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Submitted by Eli Stern, Center for Risk Analysis, Gertner Inst f Epidemiology & Health Policy Research, Tel-Aviv University
   Commenting on behalf of the organisation
Document The scope of radiological protection
 
Re: Comments on Building Materials Paragraph (6.3.1, subparagraphs 96 -102) in ICRP Draft Pub. "The Scope of Radiological Protection Regulations" (02/258/05 – spring 2006 Version)

1. With reference to my telephone conversation with Dr. Abel Gonzalez (of September 14) concerning the draft, and in accordance with his recommendation, I would like to convey to the ICRP Task Group a few preliminary comments regarding the limitation of exposures of members of the public and population at large from building materials.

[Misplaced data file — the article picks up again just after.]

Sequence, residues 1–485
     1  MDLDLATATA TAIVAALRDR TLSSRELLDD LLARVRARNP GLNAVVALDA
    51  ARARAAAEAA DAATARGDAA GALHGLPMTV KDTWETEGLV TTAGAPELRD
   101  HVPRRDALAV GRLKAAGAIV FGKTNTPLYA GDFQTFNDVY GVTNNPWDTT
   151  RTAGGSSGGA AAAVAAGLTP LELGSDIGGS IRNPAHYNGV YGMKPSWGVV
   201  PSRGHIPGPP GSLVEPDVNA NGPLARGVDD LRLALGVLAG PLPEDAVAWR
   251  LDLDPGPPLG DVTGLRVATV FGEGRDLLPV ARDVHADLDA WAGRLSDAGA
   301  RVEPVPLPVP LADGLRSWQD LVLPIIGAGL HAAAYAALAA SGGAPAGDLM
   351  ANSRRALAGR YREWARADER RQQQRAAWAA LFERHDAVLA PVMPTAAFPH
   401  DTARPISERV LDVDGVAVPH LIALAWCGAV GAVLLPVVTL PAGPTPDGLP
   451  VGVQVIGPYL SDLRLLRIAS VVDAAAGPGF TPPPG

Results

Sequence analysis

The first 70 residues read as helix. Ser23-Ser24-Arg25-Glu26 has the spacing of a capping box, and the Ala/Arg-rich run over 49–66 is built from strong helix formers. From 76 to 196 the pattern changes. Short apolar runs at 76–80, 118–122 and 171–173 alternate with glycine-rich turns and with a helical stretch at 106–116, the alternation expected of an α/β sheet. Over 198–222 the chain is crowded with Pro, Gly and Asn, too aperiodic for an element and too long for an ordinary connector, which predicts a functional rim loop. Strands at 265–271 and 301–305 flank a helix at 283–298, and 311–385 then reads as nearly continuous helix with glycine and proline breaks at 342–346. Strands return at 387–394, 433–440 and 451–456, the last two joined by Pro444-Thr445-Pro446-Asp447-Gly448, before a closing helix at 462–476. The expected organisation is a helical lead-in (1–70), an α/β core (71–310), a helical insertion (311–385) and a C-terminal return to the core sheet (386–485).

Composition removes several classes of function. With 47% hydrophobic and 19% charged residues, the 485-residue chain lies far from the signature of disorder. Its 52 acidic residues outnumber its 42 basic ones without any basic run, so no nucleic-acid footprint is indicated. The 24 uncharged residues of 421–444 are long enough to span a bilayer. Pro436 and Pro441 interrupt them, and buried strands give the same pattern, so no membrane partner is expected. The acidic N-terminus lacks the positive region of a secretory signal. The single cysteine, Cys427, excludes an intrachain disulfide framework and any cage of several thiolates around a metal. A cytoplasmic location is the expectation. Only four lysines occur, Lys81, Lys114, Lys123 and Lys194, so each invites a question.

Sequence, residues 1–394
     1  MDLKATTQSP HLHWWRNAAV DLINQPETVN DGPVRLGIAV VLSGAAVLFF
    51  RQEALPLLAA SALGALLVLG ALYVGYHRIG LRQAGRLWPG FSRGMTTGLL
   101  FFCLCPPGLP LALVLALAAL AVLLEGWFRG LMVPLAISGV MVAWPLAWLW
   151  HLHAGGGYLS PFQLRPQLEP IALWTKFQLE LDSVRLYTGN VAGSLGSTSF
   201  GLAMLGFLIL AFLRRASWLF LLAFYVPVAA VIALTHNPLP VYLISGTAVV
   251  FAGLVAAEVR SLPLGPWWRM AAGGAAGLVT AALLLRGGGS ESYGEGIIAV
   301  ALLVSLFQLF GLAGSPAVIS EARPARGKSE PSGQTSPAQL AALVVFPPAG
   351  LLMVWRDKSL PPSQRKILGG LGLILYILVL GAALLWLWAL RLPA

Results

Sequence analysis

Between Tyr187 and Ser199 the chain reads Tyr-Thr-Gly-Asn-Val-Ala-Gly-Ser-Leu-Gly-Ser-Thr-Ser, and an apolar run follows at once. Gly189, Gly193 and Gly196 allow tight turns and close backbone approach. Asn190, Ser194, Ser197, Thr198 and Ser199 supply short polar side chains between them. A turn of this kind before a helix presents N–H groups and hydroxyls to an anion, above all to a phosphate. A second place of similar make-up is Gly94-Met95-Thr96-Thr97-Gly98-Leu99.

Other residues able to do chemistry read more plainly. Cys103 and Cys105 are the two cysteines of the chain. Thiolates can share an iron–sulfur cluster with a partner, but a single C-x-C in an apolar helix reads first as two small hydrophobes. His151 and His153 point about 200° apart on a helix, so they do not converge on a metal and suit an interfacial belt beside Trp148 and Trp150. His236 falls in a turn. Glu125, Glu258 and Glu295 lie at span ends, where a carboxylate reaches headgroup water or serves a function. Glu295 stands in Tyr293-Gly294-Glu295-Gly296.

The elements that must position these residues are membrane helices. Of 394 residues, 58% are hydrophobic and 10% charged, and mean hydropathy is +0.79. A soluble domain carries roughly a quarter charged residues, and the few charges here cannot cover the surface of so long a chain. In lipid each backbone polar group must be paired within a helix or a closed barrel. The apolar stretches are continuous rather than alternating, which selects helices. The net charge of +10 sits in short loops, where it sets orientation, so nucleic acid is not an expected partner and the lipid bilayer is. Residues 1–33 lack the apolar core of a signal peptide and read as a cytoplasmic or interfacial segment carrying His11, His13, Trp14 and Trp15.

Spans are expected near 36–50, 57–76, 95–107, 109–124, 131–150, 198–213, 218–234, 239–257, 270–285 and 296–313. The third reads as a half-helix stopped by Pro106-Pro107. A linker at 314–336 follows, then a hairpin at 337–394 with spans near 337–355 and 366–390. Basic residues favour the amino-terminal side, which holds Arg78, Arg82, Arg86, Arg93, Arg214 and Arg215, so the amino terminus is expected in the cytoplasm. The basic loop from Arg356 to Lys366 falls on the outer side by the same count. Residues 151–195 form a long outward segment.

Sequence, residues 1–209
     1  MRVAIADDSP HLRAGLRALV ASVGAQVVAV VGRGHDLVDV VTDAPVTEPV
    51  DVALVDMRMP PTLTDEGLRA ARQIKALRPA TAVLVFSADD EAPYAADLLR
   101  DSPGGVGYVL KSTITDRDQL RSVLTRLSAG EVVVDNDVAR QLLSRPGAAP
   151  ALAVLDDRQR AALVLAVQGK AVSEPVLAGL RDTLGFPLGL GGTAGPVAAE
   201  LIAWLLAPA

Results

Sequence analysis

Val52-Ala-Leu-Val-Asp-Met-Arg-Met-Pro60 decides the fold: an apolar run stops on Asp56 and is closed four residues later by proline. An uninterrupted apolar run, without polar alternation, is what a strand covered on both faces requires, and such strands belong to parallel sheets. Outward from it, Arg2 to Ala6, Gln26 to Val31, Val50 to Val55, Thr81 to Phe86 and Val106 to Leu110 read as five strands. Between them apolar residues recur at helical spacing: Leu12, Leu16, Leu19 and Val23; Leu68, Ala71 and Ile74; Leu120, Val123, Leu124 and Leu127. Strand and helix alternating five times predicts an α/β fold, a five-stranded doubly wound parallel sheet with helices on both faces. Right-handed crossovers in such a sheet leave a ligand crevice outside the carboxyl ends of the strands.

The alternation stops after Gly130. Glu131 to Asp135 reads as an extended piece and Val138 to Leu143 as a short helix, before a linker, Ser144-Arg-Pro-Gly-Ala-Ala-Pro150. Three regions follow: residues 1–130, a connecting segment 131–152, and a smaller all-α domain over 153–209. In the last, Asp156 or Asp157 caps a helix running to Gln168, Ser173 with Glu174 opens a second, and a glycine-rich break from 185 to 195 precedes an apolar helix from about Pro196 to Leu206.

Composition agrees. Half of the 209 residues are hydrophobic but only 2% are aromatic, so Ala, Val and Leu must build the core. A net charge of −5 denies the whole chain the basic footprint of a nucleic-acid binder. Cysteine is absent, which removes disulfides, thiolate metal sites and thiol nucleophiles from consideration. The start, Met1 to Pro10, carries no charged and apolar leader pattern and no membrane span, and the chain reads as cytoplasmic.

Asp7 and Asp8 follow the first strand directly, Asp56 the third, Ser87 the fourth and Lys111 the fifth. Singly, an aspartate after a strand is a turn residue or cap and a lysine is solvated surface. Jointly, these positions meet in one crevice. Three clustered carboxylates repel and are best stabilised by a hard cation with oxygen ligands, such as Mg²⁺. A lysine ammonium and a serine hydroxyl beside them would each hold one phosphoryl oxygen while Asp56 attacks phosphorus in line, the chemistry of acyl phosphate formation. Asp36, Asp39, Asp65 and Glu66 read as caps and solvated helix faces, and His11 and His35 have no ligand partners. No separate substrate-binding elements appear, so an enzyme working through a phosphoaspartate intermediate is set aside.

2. Following the discussion of average worldwide exposure from building materials (0.4 mSv/y), with a typical range of 0.3 – 0.6 mSv/y and extreme exposures as high as several mSv/y (up to 10 mSv/y in certain houses in Europe), the TG draft document recommends, that the activity concentrations of K40, Ra226 and Th232 in building materials should comply with

C K-40 / 10 Bq g-1 + C Ra-226 / 1 Bq g-1 + C Th-232 / 1 Bq g-1 < 1

This equation is based on IAEA's RS-G-1.7 Safety Guide exemption (rather exclusion) levels for radionuclides of natural origin as shown in Table 1 of the SG.

3. My main observations are as follows:

(a) According to Computer Codes developed separately (about ten years ago) by